John MacArthur, C S Lewis, and the Me-Centered Object of Lordship Salvation
February 10, 2012, 4:16 am
Filed under: CS Lewis, John Macarthur, Lordship Salvation

written by David Bishop

C S Lewis placed great value on his performance. So much so, that he was convinced that his performance would in the end serve to save him. In the final addition to his children’s series, The Chronicles of Narnia, Lewis presented his readers with an account of how and why Aslan (Lewis’ analogous version of Jesus) granted a servant of Tash (analogous version of the Devil) entry into Heaven. As Lewis relates the account, Aslan permitted the servant of Tash to enter as a reward for having performed a lifetime of service to Aslan.

“He answered, ‘Child, all the service thou has done to Tash, I account as service to me. For I and he are of such different kinds that no service which is vile can be done to me, and none which is not vile can be done to him.’” – The Last Battle, pg. 203

Lewis would later argue in The Great Divorce and in Mere Christianity, that Hell was locked from the inside. Each man, he would say, is free to either love God or to hate Him, and that is upon the basis of this free choice that man either locks the gates of Hell behind him, or accepts with gladness the gift of the “bleeding charity” already set before him.

Pastor John MacArthur rightly criticizes such teaching, calling it an attempt to escape one’s depth of sin, and the sinful desire to dismiss God’s standard of righteousness in the law. In reference to the account of the rich, young ruler, he writes:

“Jesus’ answer took the focus off the young man’s felt need and put it back on God. There is only one who is good. Then He slammed him up against the divine standard, not because keeping the law would inherit eternal life, but so that he would see how far he fel short.” – John MacArthur, The Gospel According to Jesus, pg. 84

 The New Testament gives a very different idea of performance than that which Lewis related. To put it bluntly, the only service God will ever accept is that which Christ alone performed.

Hebrews 10:4-7

It is impossible for the blood of bulls and goats to take away sins. Therefore, when Christ came into the world, he said: “Sacrifice and offering you did not desire, but a body you prepared for me; with burnt offerings and sin offerings you were not pleased. Then I said, ‘Here I am—it is written about me in the scroll— I have come to do your will, my God.’”

One of the most important and most interesting parables Christ told in respect to this truth of His performance is found in Luke 18. It is the parable of the two men who went up to the Temple to pray.

Luke 18:9-14

He also told this parable to some who trusted in themselves that they were righteous, and treated others with contempt: “Two men went up into the temple to pray, one a Pharisee and the other a tax collector. The Pharisee, standing by himself, prayed thus: ‘God, I thank you that I am not like other men, extortioners, unjust, adulterers, or even like this tax collector. I fast twice a week; I give tithes of all that I get.’ But the tax collector, standing far off, would not even lift up his eyes to heaven, but beat his breast, saying, ‘God, be merciful to me, a sinner!’ I tell you, this man went down to his house justified, rather than the other. For everyone who exalts himself will be humbled, but the one who humbles himself will be exalted.”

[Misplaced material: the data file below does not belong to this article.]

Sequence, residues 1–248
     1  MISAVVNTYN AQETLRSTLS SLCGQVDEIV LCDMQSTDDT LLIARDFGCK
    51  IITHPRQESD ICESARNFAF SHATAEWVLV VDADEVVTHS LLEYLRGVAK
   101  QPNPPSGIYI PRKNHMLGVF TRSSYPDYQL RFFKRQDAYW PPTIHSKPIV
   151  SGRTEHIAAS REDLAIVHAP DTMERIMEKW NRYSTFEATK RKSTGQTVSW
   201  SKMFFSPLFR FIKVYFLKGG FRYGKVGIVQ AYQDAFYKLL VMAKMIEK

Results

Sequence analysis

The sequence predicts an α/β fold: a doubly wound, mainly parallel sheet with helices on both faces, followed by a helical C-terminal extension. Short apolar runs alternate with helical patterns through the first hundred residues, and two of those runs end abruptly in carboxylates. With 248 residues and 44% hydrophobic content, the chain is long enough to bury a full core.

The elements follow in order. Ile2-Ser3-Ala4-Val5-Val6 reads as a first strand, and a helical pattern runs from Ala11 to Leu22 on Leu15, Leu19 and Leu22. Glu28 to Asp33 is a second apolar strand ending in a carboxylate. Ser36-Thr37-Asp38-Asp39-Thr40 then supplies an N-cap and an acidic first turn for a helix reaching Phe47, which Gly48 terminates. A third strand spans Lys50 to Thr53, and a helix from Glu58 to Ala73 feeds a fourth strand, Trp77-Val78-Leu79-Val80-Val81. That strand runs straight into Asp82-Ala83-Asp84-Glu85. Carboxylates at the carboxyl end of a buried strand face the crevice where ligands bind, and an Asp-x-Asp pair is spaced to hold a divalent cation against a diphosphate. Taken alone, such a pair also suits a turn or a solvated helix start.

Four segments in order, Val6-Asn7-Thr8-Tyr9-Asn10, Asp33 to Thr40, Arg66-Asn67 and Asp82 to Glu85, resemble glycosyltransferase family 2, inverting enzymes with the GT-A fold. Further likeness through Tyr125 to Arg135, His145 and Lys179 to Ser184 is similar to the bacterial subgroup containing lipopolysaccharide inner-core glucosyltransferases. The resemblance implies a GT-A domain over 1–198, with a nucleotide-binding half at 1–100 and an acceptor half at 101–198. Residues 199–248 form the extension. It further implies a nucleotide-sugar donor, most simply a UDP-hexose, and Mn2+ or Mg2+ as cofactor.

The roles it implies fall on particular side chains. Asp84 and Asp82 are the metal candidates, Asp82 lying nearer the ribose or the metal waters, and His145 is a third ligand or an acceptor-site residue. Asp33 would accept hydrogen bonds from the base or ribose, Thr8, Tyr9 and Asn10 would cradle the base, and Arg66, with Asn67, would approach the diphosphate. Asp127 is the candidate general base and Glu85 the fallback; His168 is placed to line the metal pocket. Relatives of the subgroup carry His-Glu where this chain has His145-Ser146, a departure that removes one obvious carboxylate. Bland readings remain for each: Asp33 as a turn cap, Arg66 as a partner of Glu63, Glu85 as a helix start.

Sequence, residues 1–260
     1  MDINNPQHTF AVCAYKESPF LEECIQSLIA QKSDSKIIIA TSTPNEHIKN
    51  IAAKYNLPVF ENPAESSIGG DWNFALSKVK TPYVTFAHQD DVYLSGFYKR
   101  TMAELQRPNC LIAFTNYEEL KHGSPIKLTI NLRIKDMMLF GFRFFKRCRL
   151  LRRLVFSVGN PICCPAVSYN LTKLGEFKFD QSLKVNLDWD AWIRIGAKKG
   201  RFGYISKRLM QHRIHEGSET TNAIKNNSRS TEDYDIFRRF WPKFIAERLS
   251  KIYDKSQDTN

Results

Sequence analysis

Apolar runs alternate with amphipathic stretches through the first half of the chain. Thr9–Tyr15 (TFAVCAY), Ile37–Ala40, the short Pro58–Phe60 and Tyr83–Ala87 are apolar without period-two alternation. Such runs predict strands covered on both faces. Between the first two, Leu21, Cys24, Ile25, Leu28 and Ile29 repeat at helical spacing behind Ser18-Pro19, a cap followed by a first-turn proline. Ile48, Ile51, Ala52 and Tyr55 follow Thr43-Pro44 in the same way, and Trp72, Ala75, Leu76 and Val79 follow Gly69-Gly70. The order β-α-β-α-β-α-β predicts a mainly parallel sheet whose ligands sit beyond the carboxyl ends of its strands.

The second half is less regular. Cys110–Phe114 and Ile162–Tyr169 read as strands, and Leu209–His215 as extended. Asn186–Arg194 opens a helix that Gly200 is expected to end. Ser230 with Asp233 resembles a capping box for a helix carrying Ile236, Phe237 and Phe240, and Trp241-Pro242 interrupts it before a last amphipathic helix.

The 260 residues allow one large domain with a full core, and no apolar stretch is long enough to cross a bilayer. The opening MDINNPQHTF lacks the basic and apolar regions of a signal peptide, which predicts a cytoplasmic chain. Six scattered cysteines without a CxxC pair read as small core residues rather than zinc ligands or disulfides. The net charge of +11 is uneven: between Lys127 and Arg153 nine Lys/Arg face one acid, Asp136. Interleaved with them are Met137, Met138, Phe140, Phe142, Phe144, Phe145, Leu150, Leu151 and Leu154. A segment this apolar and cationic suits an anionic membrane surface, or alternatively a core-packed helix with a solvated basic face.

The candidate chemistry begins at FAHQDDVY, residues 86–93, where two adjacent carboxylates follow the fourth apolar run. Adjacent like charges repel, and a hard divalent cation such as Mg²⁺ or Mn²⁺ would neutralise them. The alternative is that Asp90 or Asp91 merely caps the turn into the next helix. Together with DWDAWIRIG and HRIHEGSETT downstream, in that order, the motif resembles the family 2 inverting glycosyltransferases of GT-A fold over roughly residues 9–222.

The Pharisee, Christ showed us, was a man who placed great value on his performance. He came to the Temple intending to offer a carefully prepared list of deeds he had performed. His intent was to justify himself before the sight of God by reciting to God each item on the list. I am not like other men – check. I fast twice a week – check. I give tithes of all I get – check. With supreme confidence, the Pharisee went home convinced that he was justified. After all, he believed that he had fulfilled the conditions and stated his case. He was not like other men. He was not an extortioner, an adulterer or an unjust man. Even if it was true that he still failed to measure up in the other areas of his life, he believed that he at least could be sure that the performance he had thus far rendered to God would be enough to convince God to save him in the end.

The tax collector, on the other hand, was convinced that his performance had no value at all. In fact, his performance did not even enter into the equation. He did not come with a carefully prepared list of deeds he had performed. He had no promises to try better. We know only one thing about this man’s status before God – he was a sinner. He confessed as much. He did not confess anything else about himself. His hope was not in some idea that God would provide him with the strength to behave better, because he appealed only to one thing – God’s mercy. He did not appeal to anything else.

Of these two men, the tax collector and the Pharisee, Christ told us that it was the tax collector who went home justified rather than the other. And notice those exact words. Christ said, rather than the other. He did not say, more than the other. It was not that the Pharisee got a few things wrong, but bless his heart, he still went home justified. Rather, it was that he went home just as condemned before God as he had been when he had first arrived. Nothing had changed. And yet he was still so certain that he had been justified! Why?

What is most interesting about this parable is how Luke introduces it. In verse 9, he tells us that Christ told this parable to those “who trusted in themselves that they were righteous, and treated others with contempt. “ I notice that Luke does not say that they trusted in themselves for righteousness. Rather, he says that they trusted in themselves that they were righteous.